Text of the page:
If you noticed my posts in this blog, I love to play with the Raspberry Pi machines. They are good, small, (will be back to) cheap, and very versatile. They allow me to build services for my home uses and fulfil my nerdy server side appetite.

As I am always starting from the same point, I decided to just transcribe the next Raspberry Pi spawn I do at home, as a reference in future posts.


This article intends to go through all steps from the delivered plain Raspberry Pi until a working-and-ready-for-playing host connected to the network. I divided the article in the following sections:

  1. Before we start
  2. Raspberry Pi Imager
  3. First Raspberry start
  4. Setting up the network configuration
  5. Activate the basics in the .bashrc file
  6. Setting up the Key pair
  7. Wrapping up

0. Before we start

0.1. What do I need?

SanDisk ExtremeHere are my 2 levels of basics. For the first level it's pretty clear:

  • A Raspberry Pi, a 4th edition in this case. The power cable and the network patch cable are obvious, right?

  • A micro SD card. I've tried several ones and SanDisk ones always gave me a good performance. Lately I read this article and I bought a pair of SanDisk Extreme A1 32GB, that even they're not the PRO, the specs were the same and the price was reasonable, and 32GB should be more than enough.

  • A secondary computer to burn the image on the Micro SD card. I use my everyday laptop for it.

For the second level I add:

  • A USB keyboard

  • A screen with a mini-HDMI connector.

Why? I like to do the first start physically, to see the boot sequence, to set up the network statically, and then all the rest I can do remote. Allows me to be versatile if anything pops up. I always have a spare USB Keyboard at home and any of my monitors have a spare connection I can use.

Anyways, it is not really needed. As long as the SSH server can be set up when we install the system into the micro-SD card, we can just check the router to recognise the new IP in the network and then SSH into the host and do everything in this article remotely. Your choice 😊

0.2. What is the goal for this host?

This seems obvious but makes sense: the goal of the host shapes the installation that we do.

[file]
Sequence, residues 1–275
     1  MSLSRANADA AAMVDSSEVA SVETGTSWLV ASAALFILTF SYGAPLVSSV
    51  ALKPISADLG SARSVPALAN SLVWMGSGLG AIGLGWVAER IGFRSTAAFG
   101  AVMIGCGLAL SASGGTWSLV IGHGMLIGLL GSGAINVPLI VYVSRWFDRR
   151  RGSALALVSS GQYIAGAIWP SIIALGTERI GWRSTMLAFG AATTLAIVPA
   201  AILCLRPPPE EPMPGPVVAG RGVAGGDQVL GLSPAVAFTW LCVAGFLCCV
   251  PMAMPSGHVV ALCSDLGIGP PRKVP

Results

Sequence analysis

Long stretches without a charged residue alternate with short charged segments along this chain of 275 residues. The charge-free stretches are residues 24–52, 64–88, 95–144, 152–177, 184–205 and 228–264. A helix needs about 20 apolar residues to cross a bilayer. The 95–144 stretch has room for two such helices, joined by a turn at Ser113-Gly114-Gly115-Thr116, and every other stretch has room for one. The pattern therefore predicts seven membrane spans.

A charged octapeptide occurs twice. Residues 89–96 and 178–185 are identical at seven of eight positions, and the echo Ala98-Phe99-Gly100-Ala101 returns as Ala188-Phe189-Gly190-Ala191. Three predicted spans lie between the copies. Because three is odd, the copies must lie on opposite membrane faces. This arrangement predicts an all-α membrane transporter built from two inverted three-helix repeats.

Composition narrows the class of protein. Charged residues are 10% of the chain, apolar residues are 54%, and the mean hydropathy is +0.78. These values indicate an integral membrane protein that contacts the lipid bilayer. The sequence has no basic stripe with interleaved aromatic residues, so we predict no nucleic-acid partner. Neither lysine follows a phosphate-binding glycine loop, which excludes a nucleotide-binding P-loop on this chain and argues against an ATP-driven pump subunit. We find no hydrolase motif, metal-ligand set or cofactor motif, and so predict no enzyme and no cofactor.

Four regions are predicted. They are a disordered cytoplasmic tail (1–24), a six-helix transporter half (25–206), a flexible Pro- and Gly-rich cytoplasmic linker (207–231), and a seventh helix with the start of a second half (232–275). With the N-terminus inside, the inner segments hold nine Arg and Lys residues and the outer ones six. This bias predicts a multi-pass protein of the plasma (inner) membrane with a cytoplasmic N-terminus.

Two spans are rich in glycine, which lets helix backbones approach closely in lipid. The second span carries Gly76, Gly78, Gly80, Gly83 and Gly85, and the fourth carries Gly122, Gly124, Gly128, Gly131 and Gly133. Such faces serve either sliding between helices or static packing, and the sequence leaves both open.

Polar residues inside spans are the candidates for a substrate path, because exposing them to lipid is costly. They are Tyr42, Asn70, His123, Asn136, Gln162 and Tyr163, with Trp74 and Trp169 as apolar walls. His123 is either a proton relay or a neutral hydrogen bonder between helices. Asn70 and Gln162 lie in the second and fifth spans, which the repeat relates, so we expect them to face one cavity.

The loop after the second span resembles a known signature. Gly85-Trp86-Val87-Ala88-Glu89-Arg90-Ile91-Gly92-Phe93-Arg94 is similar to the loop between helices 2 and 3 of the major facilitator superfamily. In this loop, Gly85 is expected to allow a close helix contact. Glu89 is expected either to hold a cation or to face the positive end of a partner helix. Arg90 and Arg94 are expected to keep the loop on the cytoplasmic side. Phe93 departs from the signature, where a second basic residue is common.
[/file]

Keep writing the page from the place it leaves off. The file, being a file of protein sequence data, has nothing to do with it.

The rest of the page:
For instance, in my case I usually set my Raspberries in a cluster setup I printed myself, as they provide services and are not really accessed directly by humans. This means mainly:

  • No wireless, they are all wired to a switch.

  • Headless, they will be accessed via SSH only.

This tell us that we don't need a graphic desktop when choosing which OS to install, and that we won't set up the wifi.

Your needs can be different, just have a thought about it beforehand.

0.3. Assumtions

  • The hostname will be jakku

  • The username will be xavi

  • The goal is providing a service, so headless and no wireless.

  • There is a local DNS server called dagobah in that we'll make use of, as I set up in the past article Quick DNS server on a Raspberry Pi.

  • My secondary computer is a Mac laptop. Steps may be somewhat different to the ones you may need to do.

1. Raspberry Pi Imager

Nowadays the ecosystem is really easy to set the Raspberries up. We have a new official Raspberry Pi OS in place of the old Raspbian, and the guys behind the project brought the Raspberry Pi Imager, a SD card burner that does almost everything for you. We'll use all of if. Raspberry Pi Imager

1.1. Download and install Raspberry Pi Imager in your computer

This is the easiest step. Just visit the official Raspberry Pi Software section and download the Raspberry Pi Imager that fits with your laptop's OS. Then proceed to install it the way your OS likes to have things done.

It is really simple, but if you still need help, visit the official documentation.

1.2. Install the Raspberry Pi OS into the Micro SD card

Now we insert the micro-SD card into the laptop and start the Raspberry Pi Imager. A screen will appear with 2 white buttons and a 3rd one greyed.

1.2.1. Operating system

Pressing the Choose OS button allows us to select which operating system do we want to install into the micro-SD card. We have here a Raspberry Pi 4, so it is a 64 bits one. Also we know we want it headless and that we want the official Raspberry Pi OS, so our selection should be Raspberry Pi OS Lite (64-bit) under Raspberry Pi OS (other)

1.2.2. Storage

Pressing the Choose Storage button allows to select the micro-SD card where we'll install the Raspberry Pi OS into.

1.2.3. Advanced options

Once we have chosen the Operating system, a button with a gear appears in the lower right corner. This is the advanced options that we'll make use of, as it allows us to pre-configure some parameters that helps us in the first start of the host.

➡️ Set hostname

Mark it and introduce here the name of the host that we want to asign to this machine. I introduced jakku

➡️ Enable SSH

Yes, mark it, and mark also Use password authentication.

➡️ Set username and password

Yes, mark it, and set the username and password that you wish. xavi as username in my case.

➡️ Configure wireless LAN

Not in my case, as explained above. This would be the place to set up your wireless configuration if you want to have it wireless.

➡️ Set locale settings

Yes, mark it and set the Time zone and Keyboad layout that fits best to you. Europe/Berlin and us for me.

➡️ Persistent settings

Here I recommend to mark at least the Eject media when finished, so this step is automatically done and make the process easier for the user.

... and press Save when you're done.

💡Making use of these Advanced options is the best tool to achieve a completely headless installation, as you can set up the Wifi, username, hostname and SSH server beforehand and once the Raspberry Pi does the first start you'll be ready to SSH into it and continue the set up.

1.2.4. Write